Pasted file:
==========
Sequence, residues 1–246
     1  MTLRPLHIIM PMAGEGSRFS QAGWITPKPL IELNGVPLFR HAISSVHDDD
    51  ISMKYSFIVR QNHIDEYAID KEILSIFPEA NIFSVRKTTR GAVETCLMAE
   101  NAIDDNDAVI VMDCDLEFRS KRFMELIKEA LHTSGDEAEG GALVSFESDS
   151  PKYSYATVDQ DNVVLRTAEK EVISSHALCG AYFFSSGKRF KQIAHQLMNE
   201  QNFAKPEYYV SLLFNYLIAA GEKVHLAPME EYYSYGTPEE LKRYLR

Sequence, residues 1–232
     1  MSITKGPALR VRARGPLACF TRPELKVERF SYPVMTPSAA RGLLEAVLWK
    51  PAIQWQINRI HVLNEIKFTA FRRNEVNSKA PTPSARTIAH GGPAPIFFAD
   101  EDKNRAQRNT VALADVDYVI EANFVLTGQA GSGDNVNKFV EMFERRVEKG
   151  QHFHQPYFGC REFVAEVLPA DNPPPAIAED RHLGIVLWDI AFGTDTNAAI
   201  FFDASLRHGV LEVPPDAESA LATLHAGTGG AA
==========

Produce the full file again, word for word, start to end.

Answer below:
Sequence, residues 1–246
     1  MTLRPLHIIM PMAGEGSRFS QAGWITPKPL IELNGVPLFR HAISSVHDDD
    51  ISMKYSFIVR QNHIDEYAID KEILSIFPEA NIFSVRKTTR GAVETCLMAE
   101  NAIDDNDAVI VMDCDLEFRS KRFMELIKEA LHTSGDEAEG GALVSFESDS
   151  PKYSYATVDQ DNVVLRTAEK EVISSHALCG AYFFSSGKRF KQIAHQLMNE
   201  QNFAKPEYYV SLLFNYLIAA GEKVHLAPME EYYSYGTPEE LKRYLR

Sequence, residues 1–232
     1  MSITKGPALR VRARGPLACF TRPELKVERF SYPVMTPSAA RGLLEAVLWK
    51  PAIQWQINRI HVLNEIKFTA FRRNEVNSKA PTPSARTIAH GGPAPIFFAD
   101  EDKNRAQRNT VALADVDYVI EANFVLTGQA GSGDNVNKFV EMFERRVEKG
   151  QHFHQPYFGC REFVAEVLPA DNPPPAIAED RHLGIVLWDI AFGTDTNAAI
   201  FFDASLRHGV LEVPPDAESA LATLHAGTGG AA